What are kidney problems?
You can speak of kidneys problems when the kidneys have a reduced function during a shorter or longer period. A kidney is well able to compensate for a reduced kidney function. In most cases, your pet doesn’t show any symptoms. Only when 75% or more of the kidney function is lost, there is insufficient kidney function or renal insufficiency/renal failure. In this case, your pet will develop symptoms.
How do kidneys work?
The main function of the kidneys is the filter function. Kidneys filter the blood and thereby clear the blood from waste products. In addition, the kidneys regulate the fluid, electrolyte and mineral balance in the body. Finally, the kidneys are also involved in the production of some hormones (e.g. erythropoietin or EPO) and in controlling blood pressure and PH value of the blood. When the kidney function is insufficient, waste products and fluids will accumulate. Besides that, the blood pressure will get disrupted and anaemia can occur as a result of a reduced production of the hormone EPO.
How often do kidney problems occur?
Kidney problems occur regularly in dogs, especially in older dogs. 16% of the cats aged 15 years or older, have kidney problems.
What are the most important causes of kidney problems?
There are many causes of a reduced kidney function. These causes can be divided in causes inside the kidneys and causes outside the kidneys.
Causes inside the kidneys:
- Infections of the kidneys and urinary tract
- Congenital and hereditary abnormalities of the kidneys (e.g. amyloidosis, polycystic kidney disease (PKD), abnormal developed kidneys)
- Immune diseases
- Kidney stones
Causes inside the kidneys:
- Heart failure
- High blood pressure
- Diabetes Mellitus
- Infections/inflammations in other parts of the body (e.g. teeth or uterus)
- Urethra obstruction (obstruction of the urethra by bladder stones or urine crystals)
What are the symptoms with kidney problems?
The most common symptoms with kidney problems are excessive drinking and urination. With an insufficient function, the kidneys can no longer concentrate the urine properly. In order to remove waste products as much as possible, the kidneys will produce a lot of watery urine. Your pet will drink a lot to compensate this loss of fluids. However, in some cases of acute renal failure it is possible that your pets doesn’t produce any urine at all. The accumulation of waste products as urea and creatinine results in symptoms as reduced appetite, nausea and vomiting. Sometimes ulcerations in the oral cavity can be seen. In severe kidneys problems, anaemia can develop by the reduced production of the hormone EPO. Finally, animals with kidney problems often have a reduced overall condition with weight loss, muscle loss and a dull coat.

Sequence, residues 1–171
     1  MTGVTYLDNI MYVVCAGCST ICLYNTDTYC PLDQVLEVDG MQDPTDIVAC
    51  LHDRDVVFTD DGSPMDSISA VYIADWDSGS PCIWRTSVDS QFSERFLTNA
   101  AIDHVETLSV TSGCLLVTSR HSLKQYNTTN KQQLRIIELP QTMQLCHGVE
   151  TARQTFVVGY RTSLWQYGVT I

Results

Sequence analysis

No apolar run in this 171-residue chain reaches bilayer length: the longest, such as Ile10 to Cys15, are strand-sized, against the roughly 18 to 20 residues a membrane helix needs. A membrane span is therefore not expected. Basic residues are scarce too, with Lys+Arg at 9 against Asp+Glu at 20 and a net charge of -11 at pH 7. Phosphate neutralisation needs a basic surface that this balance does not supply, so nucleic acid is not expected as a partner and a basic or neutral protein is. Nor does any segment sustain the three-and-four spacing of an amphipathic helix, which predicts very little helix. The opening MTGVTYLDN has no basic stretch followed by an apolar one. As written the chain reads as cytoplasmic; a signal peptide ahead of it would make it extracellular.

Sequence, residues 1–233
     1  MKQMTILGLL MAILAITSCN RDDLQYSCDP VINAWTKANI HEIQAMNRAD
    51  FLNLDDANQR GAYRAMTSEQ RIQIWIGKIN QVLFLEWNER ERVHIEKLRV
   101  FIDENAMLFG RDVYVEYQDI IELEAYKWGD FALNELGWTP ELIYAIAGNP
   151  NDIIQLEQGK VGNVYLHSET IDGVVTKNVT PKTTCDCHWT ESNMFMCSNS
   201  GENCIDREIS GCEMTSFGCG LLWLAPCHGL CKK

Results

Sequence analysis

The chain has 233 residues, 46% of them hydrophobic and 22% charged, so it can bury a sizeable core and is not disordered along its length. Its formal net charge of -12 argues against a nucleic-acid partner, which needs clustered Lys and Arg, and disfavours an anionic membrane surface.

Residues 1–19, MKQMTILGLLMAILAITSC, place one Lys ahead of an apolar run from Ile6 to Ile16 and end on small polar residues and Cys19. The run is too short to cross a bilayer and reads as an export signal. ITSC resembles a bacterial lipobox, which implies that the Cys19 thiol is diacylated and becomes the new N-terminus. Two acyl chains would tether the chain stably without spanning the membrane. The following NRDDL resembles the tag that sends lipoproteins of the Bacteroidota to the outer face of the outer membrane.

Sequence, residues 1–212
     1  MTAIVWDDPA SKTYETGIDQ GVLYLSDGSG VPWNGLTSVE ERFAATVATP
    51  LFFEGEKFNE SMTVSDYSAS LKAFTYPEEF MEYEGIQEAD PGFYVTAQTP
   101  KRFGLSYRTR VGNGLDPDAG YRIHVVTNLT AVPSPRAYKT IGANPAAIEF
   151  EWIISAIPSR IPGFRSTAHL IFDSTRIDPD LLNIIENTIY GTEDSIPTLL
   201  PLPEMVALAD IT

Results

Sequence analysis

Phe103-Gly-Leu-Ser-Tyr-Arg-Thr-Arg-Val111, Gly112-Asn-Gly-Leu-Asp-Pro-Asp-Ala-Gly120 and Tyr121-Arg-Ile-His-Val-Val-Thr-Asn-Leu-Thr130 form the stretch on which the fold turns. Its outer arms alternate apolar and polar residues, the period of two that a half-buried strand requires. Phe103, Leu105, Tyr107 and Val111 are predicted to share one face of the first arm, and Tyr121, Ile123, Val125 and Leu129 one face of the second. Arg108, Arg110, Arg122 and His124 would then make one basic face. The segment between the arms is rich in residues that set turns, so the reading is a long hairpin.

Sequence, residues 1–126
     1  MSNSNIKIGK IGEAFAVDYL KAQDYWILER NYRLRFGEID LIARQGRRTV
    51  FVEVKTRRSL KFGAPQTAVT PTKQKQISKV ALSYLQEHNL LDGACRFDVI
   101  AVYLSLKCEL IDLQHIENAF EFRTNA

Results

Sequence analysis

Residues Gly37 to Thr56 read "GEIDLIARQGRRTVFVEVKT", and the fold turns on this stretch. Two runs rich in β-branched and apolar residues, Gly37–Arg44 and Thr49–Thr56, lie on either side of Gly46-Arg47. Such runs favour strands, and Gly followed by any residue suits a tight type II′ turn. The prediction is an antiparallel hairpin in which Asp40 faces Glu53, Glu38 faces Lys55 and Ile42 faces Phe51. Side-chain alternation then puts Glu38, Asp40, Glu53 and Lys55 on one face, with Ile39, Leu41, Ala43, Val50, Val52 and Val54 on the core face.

What can I do if my pet has kidney problems?
When you suspect your pet having kidney problems, we always advise to go to your veterinarian. Depending on the severity of the kidney problem it can be necessary to treat your pet with medication or an infusion. In addition, you can support your pet with the following measures:
- Make sure that your pet drinks enough to prevent dehydration.
- Kidney diet. Waste products as urea and creatinine accumulate in an animal with an insufficient kidney function. By giving a kidney diet with adequate protein and phosphate content, you support the kidneys as much as possible.
- Should a kidney diet work insufficient to lower the phosphate concentration of the blood, then you can consider to use phosphate binders such as Ipakitine.
- If your pet with kidney problems also has protein loss in the urine, you can treat your him/her with ACE inhibitors (Fortekor) or Semintra.